Part 2 of NatMysteryCast’s deep dive into the real whales that inspired Moby Dick! In 1820, an enormous sperm whale sank the whaleship Essex. Lost at sea, the surviving crew soon found that the vengeful whale was the least of their worries.
The tragic tale of the Essex has recently been made into a major motion picture titled In the Heart of The Sea, based on the novel of the same name by Nathaniel Philbrick.
The Essex had the misfortune of setting sail just as the whaling industry was beginning to feel the toll it had taken on whale populations. By the time they left port in 1819, sperm whales had largely disappeared from Atlantic and even most Pacific waters due to overfishing.
Sperm whales were prized above all other whale species due to an organ in their head that produced an oily substance known as spermaceti. The organ could contain up to 500 gallons of the fluid.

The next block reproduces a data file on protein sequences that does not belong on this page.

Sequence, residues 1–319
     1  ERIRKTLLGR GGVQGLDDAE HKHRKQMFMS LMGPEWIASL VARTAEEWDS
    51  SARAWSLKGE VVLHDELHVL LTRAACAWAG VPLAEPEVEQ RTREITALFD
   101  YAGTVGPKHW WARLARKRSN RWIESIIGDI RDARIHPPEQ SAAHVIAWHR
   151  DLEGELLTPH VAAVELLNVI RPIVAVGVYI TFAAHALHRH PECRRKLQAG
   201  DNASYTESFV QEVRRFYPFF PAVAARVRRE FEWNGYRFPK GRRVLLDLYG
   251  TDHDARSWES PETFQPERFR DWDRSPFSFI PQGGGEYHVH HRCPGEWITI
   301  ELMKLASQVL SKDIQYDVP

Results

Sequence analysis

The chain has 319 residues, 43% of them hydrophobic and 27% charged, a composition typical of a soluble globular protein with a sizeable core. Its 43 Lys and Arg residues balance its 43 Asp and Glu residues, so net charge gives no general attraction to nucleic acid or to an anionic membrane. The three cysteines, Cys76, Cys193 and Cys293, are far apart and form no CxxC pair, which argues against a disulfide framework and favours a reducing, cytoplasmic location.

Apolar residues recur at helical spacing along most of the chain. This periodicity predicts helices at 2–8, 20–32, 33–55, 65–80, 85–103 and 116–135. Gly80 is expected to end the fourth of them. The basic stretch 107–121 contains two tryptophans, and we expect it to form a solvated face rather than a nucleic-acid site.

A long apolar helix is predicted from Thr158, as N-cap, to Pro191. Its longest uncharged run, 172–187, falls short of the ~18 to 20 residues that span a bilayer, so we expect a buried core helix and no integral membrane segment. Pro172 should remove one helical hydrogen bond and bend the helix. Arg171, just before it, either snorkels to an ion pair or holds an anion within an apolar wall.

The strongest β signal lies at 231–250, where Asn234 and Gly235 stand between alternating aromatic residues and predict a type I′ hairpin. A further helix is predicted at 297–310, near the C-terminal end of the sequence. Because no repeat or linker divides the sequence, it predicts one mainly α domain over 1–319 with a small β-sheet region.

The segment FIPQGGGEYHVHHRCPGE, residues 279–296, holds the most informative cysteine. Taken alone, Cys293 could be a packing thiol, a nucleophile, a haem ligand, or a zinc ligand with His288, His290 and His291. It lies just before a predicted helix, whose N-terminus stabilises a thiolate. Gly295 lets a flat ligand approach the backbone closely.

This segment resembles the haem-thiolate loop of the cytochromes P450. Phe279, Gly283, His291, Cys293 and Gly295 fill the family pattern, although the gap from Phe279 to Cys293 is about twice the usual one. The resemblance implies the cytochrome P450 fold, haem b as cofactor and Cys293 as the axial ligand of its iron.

The island of Nantucket grew very wealthy selling whale goods for all manner of purposes. Whale oil could sustain an enduring burn, and so was primarily used for light and cooking.
But Nantucketers used whale goods for plenty of less practical purposes as well, even using whale bones to give structure to corsets.
Viewing the sheer extent to which whale oil had permeated peoples’ everyday lives in the late 1700’s and early 1800’s, it’s really no wonder that humanity pushed whale populations to the brink of extinction. And it’s also no wonder that whales occasionally struck back with extreme prejudice.
Museum theme by Michael Guy Bowman
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Tour Guide: Emery Coolcats
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